This is what I am calling a rescued Grandmother’s Flower Garden. A friend found it with a bag of quilts. We went through the bag, she kept what she wanted. This top was there, but unquilted. It had lots of teeny-tine hand stitches holding it together – done as seams rather than English Paper Piecing. She didn’t want it. So I hatched a plan. It had been hanging around for awhile so it became part of my One Monthly Goal for May and one of my second quarter goals. It is done! HOORAY.
Why I did what I did:
Many people say only do what the original quilter and time would have done – even attempting to find period fabric. Well, that wasn’t in cards. WHY? The quilt top was in good condition. It wasn’t important to any one and just wants to be used. It is not historically significant, but the colors are brilliant as I think it has not really seen the light of day. My decision -have it machine quilted, bind it and donate it.
I selected a fabric for the back that was the Massachusetts state flower – the Mayflower – made by In the Beginning Fabrics. It went well enough with the quilt, and I thought honored the hexagon pattern.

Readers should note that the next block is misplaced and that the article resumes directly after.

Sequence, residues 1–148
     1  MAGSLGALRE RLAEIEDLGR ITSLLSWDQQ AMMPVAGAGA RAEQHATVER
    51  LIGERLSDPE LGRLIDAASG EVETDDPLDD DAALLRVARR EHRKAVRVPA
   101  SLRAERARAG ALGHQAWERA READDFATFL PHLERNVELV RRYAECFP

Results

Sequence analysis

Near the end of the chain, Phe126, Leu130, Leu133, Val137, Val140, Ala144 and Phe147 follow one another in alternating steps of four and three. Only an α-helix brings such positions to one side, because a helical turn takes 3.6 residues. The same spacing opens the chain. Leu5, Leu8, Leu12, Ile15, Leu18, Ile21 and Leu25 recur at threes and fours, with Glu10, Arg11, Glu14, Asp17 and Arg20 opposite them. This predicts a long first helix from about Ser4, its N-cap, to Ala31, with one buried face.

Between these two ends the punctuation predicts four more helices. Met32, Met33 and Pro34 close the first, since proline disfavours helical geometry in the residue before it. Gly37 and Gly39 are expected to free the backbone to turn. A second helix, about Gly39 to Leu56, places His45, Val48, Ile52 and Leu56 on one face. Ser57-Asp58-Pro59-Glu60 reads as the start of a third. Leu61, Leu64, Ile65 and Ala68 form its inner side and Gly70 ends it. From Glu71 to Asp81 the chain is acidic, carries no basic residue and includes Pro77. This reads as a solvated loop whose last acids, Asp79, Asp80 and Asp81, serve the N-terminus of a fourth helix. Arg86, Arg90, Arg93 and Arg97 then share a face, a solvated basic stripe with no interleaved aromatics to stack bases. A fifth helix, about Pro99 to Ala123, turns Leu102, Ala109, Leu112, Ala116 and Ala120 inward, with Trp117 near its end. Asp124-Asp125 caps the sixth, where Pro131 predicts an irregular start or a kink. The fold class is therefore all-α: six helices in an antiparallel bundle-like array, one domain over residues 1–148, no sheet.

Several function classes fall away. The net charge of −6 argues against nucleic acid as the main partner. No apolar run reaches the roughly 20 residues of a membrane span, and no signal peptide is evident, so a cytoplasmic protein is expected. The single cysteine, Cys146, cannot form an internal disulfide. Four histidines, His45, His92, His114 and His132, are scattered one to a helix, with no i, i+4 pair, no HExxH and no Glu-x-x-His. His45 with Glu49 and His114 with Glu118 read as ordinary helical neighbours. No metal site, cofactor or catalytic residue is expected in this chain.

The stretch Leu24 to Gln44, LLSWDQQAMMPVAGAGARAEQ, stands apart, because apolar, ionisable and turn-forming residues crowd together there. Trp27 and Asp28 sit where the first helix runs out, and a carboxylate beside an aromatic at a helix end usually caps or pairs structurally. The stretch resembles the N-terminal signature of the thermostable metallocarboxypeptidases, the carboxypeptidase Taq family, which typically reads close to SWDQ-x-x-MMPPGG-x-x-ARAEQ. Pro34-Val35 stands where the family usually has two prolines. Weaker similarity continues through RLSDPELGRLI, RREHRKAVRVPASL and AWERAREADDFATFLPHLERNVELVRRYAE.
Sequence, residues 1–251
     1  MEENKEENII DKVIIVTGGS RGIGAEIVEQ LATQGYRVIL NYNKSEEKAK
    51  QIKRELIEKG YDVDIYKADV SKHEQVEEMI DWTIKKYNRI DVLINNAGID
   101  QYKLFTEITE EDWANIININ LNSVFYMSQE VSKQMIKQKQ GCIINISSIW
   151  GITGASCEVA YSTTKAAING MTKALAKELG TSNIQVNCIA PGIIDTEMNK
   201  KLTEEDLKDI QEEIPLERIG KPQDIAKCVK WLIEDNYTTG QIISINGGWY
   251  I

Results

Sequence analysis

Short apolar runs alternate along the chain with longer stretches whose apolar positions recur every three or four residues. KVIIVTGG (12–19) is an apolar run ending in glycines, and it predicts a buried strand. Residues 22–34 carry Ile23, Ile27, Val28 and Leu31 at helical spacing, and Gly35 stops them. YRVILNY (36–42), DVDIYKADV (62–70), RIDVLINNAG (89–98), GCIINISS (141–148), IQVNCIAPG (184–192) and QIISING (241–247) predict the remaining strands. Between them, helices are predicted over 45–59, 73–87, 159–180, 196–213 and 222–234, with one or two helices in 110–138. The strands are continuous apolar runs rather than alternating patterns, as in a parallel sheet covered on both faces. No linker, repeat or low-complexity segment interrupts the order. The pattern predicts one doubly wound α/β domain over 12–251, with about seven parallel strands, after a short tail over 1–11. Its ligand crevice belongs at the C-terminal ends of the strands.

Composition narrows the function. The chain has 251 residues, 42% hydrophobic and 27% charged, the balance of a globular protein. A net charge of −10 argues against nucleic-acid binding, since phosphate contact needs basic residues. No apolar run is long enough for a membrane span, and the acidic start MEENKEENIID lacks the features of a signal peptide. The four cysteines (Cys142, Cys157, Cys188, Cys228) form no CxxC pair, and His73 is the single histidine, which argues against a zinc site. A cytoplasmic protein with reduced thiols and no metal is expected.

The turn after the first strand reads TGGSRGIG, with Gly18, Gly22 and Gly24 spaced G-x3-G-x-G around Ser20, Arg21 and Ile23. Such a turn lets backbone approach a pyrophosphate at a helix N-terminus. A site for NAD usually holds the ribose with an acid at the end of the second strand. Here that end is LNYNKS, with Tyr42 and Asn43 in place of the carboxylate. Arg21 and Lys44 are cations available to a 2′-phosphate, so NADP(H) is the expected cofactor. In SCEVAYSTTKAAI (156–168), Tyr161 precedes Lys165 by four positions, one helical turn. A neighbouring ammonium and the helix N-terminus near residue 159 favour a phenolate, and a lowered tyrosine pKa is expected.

Finding a binding was harder, but this print from Henry Glass Fabrics had just the right green and flowers. So, while more modern it went well enough with the front and the back to work. The hardest part was deciding how to bind it. I figured when it cam back from the quilter I would just do it. And I did.
I trimmed all the edges straight. This preserved the quilter’s intention, but also insured that it got finished. The binding was an adventure – not too bad – but a lot of turning! Here are the pointy edges.
|Getting ready to turn the binding|
|Fold and line up with next straight edge|
|Fold and you are ready to sew done the next edge.|
Here are the valleys. My approach was to trim close to the seam line and kind of stretch. The binding became a bit curved.
Look at these fun prints: a windmill with clogs,
a dancing couple,
a gorgeous rose with an intricate black background
and an odd print (30s or not????)
Someone will love this quilt. It needs to be washed and dried, which is for another day. It will either go as a raffle for the church (where I met my friend who gave me this quilt) or as a donation to a woman’s shelter or someone getting a new home (refugee or homeless). I think the quilter made it to be used – and so it will be. It does fit a queen size bed!!
And Percy approves….
Rescued by Kathleen Scargle McCormick
Hand pieced by Anonymous
Longarm Quilter: Cheryl Dennis
74″ x 84″
Linking up with: One Monthly Goal